Paying some piddling carbon tax will do nothing to defend us from what lies ahead: Neil Macdonald

Sometime this summer, once Prime Minister Justin Trudeau calls the next election, our political leaders will try hard to lead us, like a herd of confused cattle, into a stupid fight and the wrong conversation.

Conservative leaders intend to make Trudeau’s carbon tax the big issue. Conservative premiers are fighting it in court. Federal Conservative leader Andrew Scheer is promising to kill it if Canadians make him prime minister.

Basically, conservatives argue that the tax is just more wealth redistribution, and that it won’t reduce emissions or have any real effect on climate change.

Liberals will argue that Canadians are big emitters, and must do their share, and they will hint that anyone who opposes the tax is a climate change denier, and they will mock Scheer’s plan, if he has one. They will call their measure a “price on pollution,” rather than what it is – a tax – and generally blather away about its virtuous imperative.

For the record, the Conservatives are right on just about every score. Right now, the tax increases a litre of gas by about four cents, about $2 a fill-up. That will rise to about 11 cents by 2022; or about $5.50 a fill-up. I can save more than that right now just by driving to a neighbourhood where gas is cheaper.

The carbon tax is practically nugatory, and as long as it’s so puny, it won’t change most people’s energy consumption. (The Liberals concede that privately; they say they’re at the stage of “putting the chain on the bicycle,” meaning that someday, the tax might rise to a level that will convince people to buy smaller cars, or pay an extra $5,000-$10,000 for a hybrid. But not for a long time.)

Canada’s aggregate emissions

To be clear, Canadians are indeed big emitters per capita, but the conservative reply to that is correct, too: our aggregate emissions are just a few percentage points of global output. Far bigger economies have made it clear they will not impose any policies that will curb their economic growth.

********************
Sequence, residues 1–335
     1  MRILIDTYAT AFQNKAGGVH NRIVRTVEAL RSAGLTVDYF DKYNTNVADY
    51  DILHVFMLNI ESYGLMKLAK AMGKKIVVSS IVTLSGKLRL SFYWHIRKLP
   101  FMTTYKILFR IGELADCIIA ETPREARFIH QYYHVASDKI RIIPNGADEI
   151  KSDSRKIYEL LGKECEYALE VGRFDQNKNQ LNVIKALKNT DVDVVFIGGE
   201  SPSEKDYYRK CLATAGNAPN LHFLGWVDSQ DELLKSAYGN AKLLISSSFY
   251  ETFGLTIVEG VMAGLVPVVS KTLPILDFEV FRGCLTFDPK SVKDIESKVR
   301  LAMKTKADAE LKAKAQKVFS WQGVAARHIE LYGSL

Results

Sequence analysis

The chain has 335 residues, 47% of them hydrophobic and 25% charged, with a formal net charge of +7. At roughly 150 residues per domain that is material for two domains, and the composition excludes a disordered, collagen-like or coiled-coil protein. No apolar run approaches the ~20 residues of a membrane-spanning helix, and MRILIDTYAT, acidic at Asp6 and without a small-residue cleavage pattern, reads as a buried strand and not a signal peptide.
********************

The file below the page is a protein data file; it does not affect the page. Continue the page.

According to the Intact Centre for Climate Change Adaptation at the University of Waterloo, there are nearly 1,400 new coal-fired electricity plants in the works worldwide.  

Centre director Blair Feltmate points to scientific consensus: the climate change that has happened so far is irreversible, and “even if we were to go to zero emissions tomorrow, the effects will continue to get worse. And we are not going to zero emissions. The world will continue to use 30 per cent oil, 30 per cent coal-fired electricity, and 30 per cent natural gas. We can’t meet even modest goals.”

“The carbon tax in Canada right now is symbolic,” says Feltmate. “In fact, there is a danger in it: that it will allow liberals to say they’ve done their part, and carry on the way everyone does.”

The tax also provides an excellent diversion to keep the public’s attention away from something our politicians are not saying a word about: the monumental cost of preventing, or paying for, the damage climate change will deliver from now on.

Entire neighbourhoods will have to be evacuated in the next few years. Others will find themselves on newly redrawn flood plain maps. (Michel Aspirot/Radio-Canada)

Canada needs to be flood-proofed, and somebody has to pay for it. Yes, there are other threats, too – fire, hail, wind, snow load, permafrost loss and shoreline erosion will all cost a great deal of money to remediate – but flooding is the big, urgent one.

Entire neighbourhoods will have to be evacuated in the next few years. Others will find themselves on newly redrawn flood plain maps, forced to pay both individually and at the community level for some awfully expensive flood-proofing measures. Even those on higher ground will have to cope with increasingly frequent “waterbomb” storms that park over a city and dump millions of gallons of water in a single rainfall.